Life is just more challenging without a positive male role model

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Life is just more challenging without a positive male role model

Wayne Campbell

Thursday, November 19, 2020

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A man does what he must — in spite of personal consequences, in spite of obstacles and dangers and pressures — and that is the basis of all human morality. — US President John F Kennedy

Not much emphasis and planning is given to men in most societies regarding providing safe spaces where they can freely discuss their problems. There is the tendency to narrowly define and interrogate gender solely as it relates to women's issues.

In some countries there are no support systems in place to address and intervene where necessary concerning the needs and concerns of boys and men. This lack of a holistic approach to gender affairs is problematic.

The lingering effect of this policy, undoubtedly, does have implications for women as well. In most societies, the overarching ideology of patriarchy is alive and well. It can be argued that those who make policies place all men in the same category — that of male privilege. This one-size-fits-all approach to gender relations is skewed.

The truth is not all men benefit from patriarchy on the same level. Notwithstanding the false and misguided notion of what a real man is, it is conforming to society's idea of what a man should be that results in the label of toxic masculinity.

The society's lack of action in addressing the needs of boys has resulted in recurrent issues, such as the underperformance of boys in the education system across all tiers. The Jamaican society, like many other societies, continues to grapple with the under-representation of males in the education system, yet not much is being done to address the problem. Unfortunately too many of our males continue to slip through the cracks in the education system.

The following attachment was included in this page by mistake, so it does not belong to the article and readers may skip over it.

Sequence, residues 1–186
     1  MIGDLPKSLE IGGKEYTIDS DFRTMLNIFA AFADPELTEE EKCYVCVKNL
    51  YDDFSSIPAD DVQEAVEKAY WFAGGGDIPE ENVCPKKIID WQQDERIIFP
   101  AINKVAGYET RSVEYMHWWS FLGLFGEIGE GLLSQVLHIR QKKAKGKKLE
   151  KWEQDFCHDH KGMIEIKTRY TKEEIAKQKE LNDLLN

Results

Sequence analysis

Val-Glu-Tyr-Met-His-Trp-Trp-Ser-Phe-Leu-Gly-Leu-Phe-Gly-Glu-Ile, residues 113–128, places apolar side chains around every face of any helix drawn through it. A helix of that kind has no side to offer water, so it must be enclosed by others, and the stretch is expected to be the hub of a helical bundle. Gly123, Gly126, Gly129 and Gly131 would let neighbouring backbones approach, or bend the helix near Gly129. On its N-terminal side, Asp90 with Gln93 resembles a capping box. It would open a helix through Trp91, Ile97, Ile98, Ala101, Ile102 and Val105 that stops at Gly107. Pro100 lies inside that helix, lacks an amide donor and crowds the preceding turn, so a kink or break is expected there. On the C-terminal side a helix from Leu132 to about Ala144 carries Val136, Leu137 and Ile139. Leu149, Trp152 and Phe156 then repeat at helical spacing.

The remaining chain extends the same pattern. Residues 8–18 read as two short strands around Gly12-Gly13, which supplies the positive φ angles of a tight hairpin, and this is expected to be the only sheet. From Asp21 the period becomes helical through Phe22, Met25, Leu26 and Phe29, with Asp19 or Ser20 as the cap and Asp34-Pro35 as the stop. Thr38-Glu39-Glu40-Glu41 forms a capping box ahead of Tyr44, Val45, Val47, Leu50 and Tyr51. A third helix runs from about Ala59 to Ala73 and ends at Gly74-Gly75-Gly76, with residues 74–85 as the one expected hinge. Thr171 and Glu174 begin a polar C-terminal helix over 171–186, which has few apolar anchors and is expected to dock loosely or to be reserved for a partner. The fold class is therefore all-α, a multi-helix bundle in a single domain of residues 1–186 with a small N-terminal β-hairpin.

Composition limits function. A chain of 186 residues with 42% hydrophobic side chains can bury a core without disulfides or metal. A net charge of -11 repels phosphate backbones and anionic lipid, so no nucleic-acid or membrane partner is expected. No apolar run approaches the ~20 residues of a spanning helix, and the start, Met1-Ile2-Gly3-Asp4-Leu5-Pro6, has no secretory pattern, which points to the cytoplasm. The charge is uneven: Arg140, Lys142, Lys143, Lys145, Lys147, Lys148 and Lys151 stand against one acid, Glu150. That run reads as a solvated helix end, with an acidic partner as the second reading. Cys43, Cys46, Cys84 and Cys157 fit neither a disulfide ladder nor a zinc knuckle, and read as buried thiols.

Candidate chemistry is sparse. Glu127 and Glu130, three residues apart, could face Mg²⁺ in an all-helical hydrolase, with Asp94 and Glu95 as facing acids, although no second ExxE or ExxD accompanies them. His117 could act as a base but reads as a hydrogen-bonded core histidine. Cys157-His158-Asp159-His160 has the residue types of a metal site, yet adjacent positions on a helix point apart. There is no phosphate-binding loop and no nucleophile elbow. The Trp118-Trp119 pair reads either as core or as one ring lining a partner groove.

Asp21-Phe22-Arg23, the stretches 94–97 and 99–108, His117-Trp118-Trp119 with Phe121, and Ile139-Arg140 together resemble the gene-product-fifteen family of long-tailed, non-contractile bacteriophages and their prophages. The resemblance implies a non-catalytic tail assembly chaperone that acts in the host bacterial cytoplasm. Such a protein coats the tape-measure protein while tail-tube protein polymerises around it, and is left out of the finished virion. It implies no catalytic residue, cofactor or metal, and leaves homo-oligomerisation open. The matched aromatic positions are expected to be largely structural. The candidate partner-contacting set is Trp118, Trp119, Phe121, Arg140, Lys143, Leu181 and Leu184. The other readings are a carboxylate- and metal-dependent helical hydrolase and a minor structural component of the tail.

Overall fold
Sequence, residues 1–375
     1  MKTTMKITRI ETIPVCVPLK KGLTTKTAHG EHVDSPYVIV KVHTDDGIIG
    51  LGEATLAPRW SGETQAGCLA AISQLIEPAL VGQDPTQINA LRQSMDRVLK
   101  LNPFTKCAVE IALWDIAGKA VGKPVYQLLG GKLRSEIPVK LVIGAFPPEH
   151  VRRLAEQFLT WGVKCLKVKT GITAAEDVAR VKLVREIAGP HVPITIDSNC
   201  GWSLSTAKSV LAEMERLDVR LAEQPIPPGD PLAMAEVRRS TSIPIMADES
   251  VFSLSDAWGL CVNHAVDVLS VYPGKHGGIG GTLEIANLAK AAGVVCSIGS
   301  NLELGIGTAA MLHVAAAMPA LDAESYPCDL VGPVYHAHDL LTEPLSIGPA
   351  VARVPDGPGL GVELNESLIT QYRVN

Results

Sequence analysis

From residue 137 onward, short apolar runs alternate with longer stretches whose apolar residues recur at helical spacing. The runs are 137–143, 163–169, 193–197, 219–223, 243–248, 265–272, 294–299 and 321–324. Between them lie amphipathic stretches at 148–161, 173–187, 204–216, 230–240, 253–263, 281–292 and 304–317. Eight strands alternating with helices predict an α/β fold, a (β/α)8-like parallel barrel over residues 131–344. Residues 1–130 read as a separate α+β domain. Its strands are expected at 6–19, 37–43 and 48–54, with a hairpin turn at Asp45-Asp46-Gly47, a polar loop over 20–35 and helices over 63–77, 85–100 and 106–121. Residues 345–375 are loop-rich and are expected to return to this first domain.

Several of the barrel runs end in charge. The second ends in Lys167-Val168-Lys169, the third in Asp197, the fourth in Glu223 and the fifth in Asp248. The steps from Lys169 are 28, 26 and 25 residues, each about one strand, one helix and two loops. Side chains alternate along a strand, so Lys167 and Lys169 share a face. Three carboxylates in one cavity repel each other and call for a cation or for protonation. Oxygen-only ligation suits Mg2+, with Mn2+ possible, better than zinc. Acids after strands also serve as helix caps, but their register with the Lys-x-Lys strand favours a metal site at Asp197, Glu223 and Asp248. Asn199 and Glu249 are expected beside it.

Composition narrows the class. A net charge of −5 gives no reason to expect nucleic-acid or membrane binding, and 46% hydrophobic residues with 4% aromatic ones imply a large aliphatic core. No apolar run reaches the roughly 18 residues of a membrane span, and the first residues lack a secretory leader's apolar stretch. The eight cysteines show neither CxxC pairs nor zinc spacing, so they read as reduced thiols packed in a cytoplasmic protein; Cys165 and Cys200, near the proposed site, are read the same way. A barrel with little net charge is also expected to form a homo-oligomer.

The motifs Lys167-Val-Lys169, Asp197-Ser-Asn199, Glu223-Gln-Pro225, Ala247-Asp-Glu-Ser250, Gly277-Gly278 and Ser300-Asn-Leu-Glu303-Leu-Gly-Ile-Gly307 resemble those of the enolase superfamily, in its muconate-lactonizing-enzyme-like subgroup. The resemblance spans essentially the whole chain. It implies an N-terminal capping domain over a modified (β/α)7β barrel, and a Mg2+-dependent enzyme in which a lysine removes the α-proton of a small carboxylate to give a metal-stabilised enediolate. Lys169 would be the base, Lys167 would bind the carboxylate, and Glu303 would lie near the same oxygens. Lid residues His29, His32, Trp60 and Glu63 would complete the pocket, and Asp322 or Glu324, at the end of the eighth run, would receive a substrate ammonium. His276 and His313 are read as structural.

State-sanctioned paternity leave would be an important indicator that the State values men and their contribution to family and development. We need to move beyond discussion to implementing the necessary legislation in order to usher in this new and progressive era. Men do have parenting rights and, yes, some men do suffer domestic abuse. There are some local companies that have made this bold move, and we tip our hats to them.

Today, November 19, the international community commemorates International Men's Day (IMD). It is set aside to celebrate the positive value men bring to the world, their families and communities. The day highlights positive male role models and aims to raise awareness of men's well-being. Matters such as dealing with health issues affecting males, improving the relations between genders, highlighting the importance of male role models, and promoting gender equality are topics which are of concern to the organisers of IMD.

According to the World Health Organization (WHO), male life expectancy at birth in 2015 was 69 years, and for females it was 75 years. Additionally, the WHO states that the suicide rate for men is three times that of women. Suicide in men has been described as a silent epidemic and, regrettably, is a major contributor to men's mortality. In Jamaica, the high rate of prostate cancer among the male population is problematic. The issue of male health is a public health concern and ought to be given the necessary attention and resources to effect change.